On February 1, 2023, the United States Patent & Trademark Office (USPTO) will begin accepting petitions to accelerate examination under the Cancer Moonshot Expedited Examination Pilot Program (the “Moonshot Program”). The Moonshot Program replaces and expands the current “Cancer Immunotherapy Pilot Program” (also called “Patents for Patients” or “P4P”). The Moonshot Program is scheduled to continue until the earlier of January 31, 2025 or until the USPTO has accepted 1,000 grantable petitions.
The Moonshot Program offers expedited examination of patent applications in the fields of oncology or smoking cessation that have an eligible method claim selected from:
- Methods of treating cancer using an immunotherapy (as in the current P4P program).
- Methods of treating cancer by targeting specific markers or mutations (“personalized medicine”) using a specific pharmaceutical composition.
- Methods of treating rare or childhood cancers using a specific pharmaceutical composition. Qualifying cancers are those classified as rare by the National Institutes of Health.
- Methods of detecting or treating a cancer using a medical device specifically adapted to detect or treat the cancer.
- Methods of diagnosing and treating a cancer using a specific pharmaceutical composition.
- Methods of treating a nicotine dependency and promoting smoking cessation by administering a specific pharmaceutical composition.
Under the Moonshot Program, claim sets can focus on compounds, compositions, and devices. Importantly, for applications with an independent claim to a compound, composition, or device, the application must also include a method claim that (1) is directed to one of the enumerated categories of eligible claims above and (2) incorporates all the requirements of the broadest compound/composition/device claim. Also noteworthy, for applications focused on methods of diagnosing and treating cancer, the claimed diagnostic step must be a specific diagnostic protocol.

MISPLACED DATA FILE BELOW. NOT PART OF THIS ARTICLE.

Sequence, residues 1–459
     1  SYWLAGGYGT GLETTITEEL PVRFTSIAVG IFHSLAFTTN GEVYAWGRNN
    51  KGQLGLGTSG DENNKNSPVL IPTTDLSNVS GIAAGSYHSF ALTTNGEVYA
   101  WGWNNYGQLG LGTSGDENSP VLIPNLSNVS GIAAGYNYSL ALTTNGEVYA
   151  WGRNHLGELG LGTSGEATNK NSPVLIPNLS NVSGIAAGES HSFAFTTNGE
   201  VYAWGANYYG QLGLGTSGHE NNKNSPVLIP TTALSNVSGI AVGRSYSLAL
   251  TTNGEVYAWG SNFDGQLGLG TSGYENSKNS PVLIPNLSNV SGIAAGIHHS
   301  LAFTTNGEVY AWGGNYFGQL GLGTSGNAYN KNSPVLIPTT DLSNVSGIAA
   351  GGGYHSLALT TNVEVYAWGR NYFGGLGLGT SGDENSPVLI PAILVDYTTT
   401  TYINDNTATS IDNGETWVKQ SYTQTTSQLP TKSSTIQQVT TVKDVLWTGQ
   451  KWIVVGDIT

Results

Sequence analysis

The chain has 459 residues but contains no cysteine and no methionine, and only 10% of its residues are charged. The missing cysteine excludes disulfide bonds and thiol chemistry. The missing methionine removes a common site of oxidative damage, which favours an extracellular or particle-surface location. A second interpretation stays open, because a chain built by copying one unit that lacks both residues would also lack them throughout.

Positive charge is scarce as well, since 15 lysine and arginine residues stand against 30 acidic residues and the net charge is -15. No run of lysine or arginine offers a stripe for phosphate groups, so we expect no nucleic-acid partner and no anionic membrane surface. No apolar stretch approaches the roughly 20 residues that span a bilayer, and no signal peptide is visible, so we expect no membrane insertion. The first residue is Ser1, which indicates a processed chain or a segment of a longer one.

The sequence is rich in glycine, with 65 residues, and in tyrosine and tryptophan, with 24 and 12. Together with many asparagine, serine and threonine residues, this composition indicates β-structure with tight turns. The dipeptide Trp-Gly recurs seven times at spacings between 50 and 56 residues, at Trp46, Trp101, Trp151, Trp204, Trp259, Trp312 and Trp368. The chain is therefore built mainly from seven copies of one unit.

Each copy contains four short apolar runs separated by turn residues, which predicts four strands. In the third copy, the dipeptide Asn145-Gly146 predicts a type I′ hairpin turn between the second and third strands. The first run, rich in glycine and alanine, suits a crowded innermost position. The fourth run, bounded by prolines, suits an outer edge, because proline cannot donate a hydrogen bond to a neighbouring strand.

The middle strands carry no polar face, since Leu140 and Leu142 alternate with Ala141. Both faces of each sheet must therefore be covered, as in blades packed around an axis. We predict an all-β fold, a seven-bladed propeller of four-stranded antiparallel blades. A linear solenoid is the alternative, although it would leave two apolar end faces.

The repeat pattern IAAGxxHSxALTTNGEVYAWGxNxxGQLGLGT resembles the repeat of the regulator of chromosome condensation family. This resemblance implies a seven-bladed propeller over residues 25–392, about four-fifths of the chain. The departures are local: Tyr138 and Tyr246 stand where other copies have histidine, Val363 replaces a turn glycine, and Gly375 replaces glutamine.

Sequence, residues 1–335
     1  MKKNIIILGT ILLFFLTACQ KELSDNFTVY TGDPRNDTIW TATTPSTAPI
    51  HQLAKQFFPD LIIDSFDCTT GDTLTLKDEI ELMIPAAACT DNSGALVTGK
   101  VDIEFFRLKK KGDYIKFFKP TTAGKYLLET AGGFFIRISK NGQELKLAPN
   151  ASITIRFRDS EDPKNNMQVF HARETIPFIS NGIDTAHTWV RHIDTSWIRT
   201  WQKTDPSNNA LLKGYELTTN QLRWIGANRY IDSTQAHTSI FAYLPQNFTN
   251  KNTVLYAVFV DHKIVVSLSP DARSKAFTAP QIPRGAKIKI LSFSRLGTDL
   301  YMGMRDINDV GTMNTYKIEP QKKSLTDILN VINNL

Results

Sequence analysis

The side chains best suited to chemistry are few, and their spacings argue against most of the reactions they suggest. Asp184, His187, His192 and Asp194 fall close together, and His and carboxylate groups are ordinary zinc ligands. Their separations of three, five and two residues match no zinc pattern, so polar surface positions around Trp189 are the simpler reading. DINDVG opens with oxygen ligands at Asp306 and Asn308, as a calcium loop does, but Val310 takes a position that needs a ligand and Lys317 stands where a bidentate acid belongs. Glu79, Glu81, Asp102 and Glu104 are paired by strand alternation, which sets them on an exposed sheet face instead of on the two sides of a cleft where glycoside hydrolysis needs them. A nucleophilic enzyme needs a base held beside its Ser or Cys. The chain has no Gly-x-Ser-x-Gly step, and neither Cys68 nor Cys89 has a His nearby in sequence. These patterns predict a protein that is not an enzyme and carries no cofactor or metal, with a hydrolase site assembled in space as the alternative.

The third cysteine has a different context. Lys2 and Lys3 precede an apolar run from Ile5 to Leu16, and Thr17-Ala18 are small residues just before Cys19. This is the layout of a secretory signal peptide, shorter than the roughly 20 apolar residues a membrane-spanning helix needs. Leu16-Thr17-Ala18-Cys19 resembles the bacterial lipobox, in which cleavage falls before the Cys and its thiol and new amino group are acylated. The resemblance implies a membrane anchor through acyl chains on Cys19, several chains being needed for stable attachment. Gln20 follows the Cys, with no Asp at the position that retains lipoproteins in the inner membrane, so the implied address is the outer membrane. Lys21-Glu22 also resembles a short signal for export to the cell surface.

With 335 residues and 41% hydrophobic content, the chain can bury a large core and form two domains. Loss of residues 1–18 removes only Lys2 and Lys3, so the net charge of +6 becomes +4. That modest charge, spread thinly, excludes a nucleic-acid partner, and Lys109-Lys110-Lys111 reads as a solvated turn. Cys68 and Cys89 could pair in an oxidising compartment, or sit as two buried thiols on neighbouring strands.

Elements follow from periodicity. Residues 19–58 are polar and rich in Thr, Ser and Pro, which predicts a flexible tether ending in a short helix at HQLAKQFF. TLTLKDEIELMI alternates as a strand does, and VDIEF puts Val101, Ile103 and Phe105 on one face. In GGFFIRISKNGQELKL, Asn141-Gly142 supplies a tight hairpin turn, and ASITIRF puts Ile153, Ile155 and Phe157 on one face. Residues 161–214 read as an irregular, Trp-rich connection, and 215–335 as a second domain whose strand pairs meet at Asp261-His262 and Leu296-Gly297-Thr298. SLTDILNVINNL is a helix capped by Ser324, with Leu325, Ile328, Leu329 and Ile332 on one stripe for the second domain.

Applicants considering the Moonshot Program should work with their patent counsel to ensure that the patent application is drafted with the Moonshot Program in mind. For immunotherapeutic methods/compositions applications, the specification must contain evidence that the claimed compound/composition is immunotherapeutic. Likewise, for personalized medicine applications, the specification must contain evidence that the claimed compound/composition targets the specifically identified genetic markers/mutations to treat the cancer.1 For medical devices, the Moonshot Program requires that “the only use disclosed in the specification for the medical device is to treat or detect a cancer.”
Petitions to make special under the Moonshot Program do not need to be filed with the application; they must only be filed prior to the receipt of a first office action (including a restriction requirement). Various additional technical formalities must be met and can be found on the Federal Register Notice and on USPTO.gov.
In both cases, a petition must be filed with the request to make special that identifies the specific page(s) of the specification containing the evidence.
Michael H. BrodowskiPartner
Maria C. Smith Ph.D.Associate
Stephanie Dusaban Gonzales Ph.D.Associate